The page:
Soft braised cabbage meets triple-cream French cheese in this recipe adapted from our go-to cookbook, Molly Stevens’s All About Braising. It’s pure decadence, and perfect along side some roast pork or chicken during these cold winter months. Savoy cabbage, by comparison to other cabbages, is milder and sweeter, making it not only a good fit in salads, but also a much preferred alternative in just about any recipe that includes cabbage.
Take a ration of soft, creamy, pungent cheese – Molly Stevens calls for Saint-Marcellin, (and that’s what we used — it comes in a tiny little terra cotta clay crock) – and cut it into bits and nubs, which you then scatter over the top of the dish of meltingly tender cabbage. Next, return said cabbage to the oven for another ten minutes, just long enough to melt the cheese and make the kitchen smell outrageously savory and complex.
Savoy Cabbage Gratin with Saint-Marcellin
- 3 T. butter
- 1 head savoy cabbage (about 1 1/2 lbs), quartered, cored, and sliced into 1/2 inch wide shreds
- 1 bunch scallions, white and green parts, sliced into 1/2 inch-wide pieces
- salt and pepper
- 1 1/4 c. chicken stock
- 1 ripe Saint-Marcellin cheese (about 3 oz) (substitute a good triple-cream cheese such as Brillat-Savarin, Saint Andre, Explorateur, etc)
Preheat the oven to 350 degrees. Butter a large gratin dish.
In a large skillet, melt the butter over medium-high heat. Add the cabbage and scallions, season with salt and pepper, and saute, stirring ofen until the cabbage is just beginning to brown, 10-12 minutes. Pour in the stock, bring to a steady simmer, scraping the bottom of the pan, and cook for about 2 mintues.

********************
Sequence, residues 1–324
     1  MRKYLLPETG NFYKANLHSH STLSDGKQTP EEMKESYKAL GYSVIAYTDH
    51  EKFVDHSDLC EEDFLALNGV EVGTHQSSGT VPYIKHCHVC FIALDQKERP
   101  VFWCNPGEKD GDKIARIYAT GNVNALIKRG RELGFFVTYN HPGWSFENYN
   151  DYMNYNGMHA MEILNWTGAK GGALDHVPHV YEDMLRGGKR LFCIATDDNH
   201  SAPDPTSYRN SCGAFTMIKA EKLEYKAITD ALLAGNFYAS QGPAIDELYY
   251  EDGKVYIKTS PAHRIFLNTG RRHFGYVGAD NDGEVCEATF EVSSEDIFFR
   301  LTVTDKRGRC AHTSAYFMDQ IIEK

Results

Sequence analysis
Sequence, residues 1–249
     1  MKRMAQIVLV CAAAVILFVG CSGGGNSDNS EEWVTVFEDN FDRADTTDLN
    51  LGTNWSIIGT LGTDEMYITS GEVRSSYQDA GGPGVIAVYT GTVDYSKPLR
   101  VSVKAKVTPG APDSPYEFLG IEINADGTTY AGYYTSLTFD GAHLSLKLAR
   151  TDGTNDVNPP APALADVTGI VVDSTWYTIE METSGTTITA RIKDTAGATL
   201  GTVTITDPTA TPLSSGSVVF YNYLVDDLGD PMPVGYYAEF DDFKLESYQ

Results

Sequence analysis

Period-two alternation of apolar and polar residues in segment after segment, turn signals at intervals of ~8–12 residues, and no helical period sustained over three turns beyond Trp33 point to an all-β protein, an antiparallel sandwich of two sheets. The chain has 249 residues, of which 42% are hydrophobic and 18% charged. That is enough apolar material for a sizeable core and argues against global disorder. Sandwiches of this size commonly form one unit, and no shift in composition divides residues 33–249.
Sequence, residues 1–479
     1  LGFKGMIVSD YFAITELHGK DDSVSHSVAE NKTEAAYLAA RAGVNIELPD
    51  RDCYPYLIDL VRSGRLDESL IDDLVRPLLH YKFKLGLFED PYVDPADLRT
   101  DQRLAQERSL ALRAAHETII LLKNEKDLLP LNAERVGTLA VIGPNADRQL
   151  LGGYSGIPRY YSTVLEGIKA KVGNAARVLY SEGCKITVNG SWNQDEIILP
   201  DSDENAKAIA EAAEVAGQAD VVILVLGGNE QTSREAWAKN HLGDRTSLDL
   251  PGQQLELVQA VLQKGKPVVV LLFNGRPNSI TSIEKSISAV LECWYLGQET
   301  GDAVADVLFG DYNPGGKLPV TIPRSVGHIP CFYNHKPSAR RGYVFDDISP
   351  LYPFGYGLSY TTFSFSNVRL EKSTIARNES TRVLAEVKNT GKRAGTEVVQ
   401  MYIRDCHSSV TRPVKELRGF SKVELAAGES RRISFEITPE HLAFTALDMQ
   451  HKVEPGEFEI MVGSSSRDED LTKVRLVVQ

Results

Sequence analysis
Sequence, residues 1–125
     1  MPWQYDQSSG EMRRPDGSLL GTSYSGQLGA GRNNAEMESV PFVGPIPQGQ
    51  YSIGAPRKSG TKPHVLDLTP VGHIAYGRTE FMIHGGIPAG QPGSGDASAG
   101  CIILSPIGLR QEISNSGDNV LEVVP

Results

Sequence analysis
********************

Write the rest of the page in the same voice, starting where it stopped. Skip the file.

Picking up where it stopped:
Scrape the cabbage mixture and all its juices into the gratin dish. Cover tightly with foil then place in the oven and bake for 45 minutes. Remove the foil and contine to cook until the liquid is mostly evaporated, another 20 minutes or so.
Cut or tear the cheese into small lumps and scatter across the gratin. Increase oven temperature to 375 and cook until the cheese is thoroughly melted, about 10 minutes. Serve hot or warm as a first course, side dish, or on its own as a light supper. Enjoy!
What is savoy cabbage? Let’s start with the appearance. Savoy cabbage has a very distinctive look. The highly contrasting shades of green, combined with the the deeply crinkled texture of the leaves, make savoy cabbages very appealing to the eye. Some may look at these rough looking leaves and assume that they are tough and hard, even more so than the common, green cabbage that most people are used to, but they would be wrong.